I am often asked what exactly my mind churns when I am doing a dangerous and reckless climb, where the outcome is unknown and I had already crossed the point of no return. Never have I been able to give a satisfactory answer, mostly I would nod and say I don’t remember, since once out of the perilous situation (self orchestrated) my numb and dumb brain would quickly forget all that my mind must have gone through. But in a recent trip of mine, the moment I returned to safer grounds, I jotted down some of my thoughts immediately on a piece of paper and later on reading it, thought it may still not be the right answer to the question of my mind, but it is a convincing one nevertheless, so here it is.
While I was going through the miniscule notebook that I had managed to keep and return with during this trip, through the smudged up pencil marks and torn and soaked pages, I discovered that at the end of the day when I climbed the peak and then came down through atrocious conditions, thankful that the soft snow sucked my body like quicksand lest I would have fallen off the edge, I scribbled few lines and here
they are as they were written : -
‘Always focus on your next step, one more step; the one you are about to take. Sooner or later it will be all that would matter; can you, will you take one more step or not. And remember that in almost all cases that’s all that you can do – take the next step, take one more step.’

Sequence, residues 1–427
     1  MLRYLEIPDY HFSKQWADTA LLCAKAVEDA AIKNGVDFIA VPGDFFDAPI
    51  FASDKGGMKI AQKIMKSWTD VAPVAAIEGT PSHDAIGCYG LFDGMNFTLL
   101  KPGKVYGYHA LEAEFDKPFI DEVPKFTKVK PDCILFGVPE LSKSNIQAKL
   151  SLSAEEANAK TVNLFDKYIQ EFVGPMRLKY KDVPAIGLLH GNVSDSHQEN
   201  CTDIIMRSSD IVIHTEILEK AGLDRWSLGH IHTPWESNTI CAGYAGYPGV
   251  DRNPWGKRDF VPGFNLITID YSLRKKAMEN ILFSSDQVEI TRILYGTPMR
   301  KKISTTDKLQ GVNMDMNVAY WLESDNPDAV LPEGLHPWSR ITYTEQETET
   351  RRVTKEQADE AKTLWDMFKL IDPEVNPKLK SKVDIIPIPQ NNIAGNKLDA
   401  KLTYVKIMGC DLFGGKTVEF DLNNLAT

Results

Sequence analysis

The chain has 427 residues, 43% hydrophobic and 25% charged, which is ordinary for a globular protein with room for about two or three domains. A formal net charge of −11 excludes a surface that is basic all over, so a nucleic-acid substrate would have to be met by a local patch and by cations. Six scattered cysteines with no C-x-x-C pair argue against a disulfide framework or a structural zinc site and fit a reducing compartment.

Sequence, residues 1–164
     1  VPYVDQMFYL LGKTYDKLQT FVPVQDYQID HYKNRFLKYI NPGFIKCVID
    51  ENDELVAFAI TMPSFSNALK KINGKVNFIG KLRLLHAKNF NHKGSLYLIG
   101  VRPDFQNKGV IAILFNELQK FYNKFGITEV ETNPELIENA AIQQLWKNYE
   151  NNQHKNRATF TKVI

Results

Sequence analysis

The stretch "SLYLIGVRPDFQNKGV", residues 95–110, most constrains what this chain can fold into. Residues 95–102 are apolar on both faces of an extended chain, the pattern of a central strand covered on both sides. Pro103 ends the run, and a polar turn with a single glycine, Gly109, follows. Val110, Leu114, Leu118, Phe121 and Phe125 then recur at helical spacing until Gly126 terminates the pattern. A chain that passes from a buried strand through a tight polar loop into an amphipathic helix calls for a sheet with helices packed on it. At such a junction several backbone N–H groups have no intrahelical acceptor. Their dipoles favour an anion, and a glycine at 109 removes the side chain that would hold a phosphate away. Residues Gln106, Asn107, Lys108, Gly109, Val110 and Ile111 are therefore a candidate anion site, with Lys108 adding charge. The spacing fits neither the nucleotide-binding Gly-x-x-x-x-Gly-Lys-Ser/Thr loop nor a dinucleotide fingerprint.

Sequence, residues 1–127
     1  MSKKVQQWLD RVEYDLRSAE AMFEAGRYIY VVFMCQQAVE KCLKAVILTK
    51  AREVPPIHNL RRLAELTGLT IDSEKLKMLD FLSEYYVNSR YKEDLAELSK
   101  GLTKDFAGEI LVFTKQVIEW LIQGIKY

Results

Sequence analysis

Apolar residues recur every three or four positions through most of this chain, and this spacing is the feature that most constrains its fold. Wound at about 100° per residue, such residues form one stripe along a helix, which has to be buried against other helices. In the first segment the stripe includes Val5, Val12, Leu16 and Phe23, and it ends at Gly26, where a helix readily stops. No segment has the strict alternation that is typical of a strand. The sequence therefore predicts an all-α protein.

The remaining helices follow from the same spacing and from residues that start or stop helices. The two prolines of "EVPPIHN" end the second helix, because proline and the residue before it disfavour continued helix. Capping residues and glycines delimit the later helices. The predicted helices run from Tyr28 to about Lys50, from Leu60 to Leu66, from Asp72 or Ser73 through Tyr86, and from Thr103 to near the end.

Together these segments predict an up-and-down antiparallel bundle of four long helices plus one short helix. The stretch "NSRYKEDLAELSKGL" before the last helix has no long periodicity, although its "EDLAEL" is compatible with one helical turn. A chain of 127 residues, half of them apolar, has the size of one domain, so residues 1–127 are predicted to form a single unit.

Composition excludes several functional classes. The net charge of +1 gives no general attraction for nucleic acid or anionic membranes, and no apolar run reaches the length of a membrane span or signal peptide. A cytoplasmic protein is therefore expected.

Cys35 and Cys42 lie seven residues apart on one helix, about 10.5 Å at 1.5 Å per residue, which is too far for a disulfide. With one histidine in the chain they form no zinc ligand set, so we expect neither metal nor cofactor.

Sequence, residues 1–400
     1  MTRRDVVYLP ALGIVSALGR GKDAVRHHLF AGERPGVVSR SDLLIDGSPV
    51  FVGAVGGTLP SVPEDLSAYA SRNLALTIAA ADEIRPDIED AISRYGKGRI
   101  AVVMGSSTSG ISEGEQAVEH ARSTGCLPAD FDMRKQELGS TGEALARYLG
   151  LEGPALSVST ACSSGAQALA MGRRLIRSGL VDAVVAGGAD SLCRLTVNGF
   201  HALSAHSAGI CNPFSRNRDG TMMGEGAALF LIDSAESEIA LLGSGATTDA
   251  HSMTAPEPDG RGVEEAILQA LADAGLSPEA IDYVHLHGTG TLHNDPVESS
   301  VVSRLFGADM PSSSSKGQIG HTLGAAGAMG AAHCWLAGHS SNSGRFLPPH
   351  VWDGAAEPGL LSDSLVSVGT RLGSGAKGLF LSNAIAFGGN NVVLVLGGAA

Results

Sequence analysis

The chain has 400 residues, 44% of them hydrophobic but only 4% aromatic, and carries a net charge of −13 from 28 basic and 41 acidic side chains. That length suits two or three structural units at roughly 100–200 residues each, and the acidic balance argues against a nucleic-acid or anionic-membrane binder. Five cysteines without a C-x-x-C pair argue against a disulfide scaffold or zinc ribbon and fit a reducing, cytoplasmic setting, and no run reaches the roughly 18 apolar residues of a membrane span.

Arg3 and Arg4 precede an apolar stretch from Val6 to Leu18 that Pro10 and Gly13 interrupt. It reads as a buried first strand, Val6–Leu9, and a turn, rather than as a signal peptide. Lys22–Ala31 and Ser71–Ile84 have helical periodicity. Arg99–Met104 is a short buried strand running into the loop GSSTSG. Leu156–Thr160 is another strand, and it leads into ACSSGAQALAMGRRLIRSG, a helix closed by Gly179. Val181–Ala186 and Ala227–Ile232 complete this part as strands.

I guess I wrote these thoughts since that’s what I had been doing through the night and that brutal blizzard since I had nothing else to do, just keep taking my next step, one more step and that’s the only thing that kept me alive and got me back to the world of living. If I had stopped even for few minutes I would have frozen and gone.
Is the above heroic, or in any way beneficial; either to you or to me? It is completely stupid and I am sure for those few days I had utterly lost my mind. Sitting right now in my room it doesn’t seem that it was I who had undergone that experience; it all seems so distant now as if it had happened to someone else.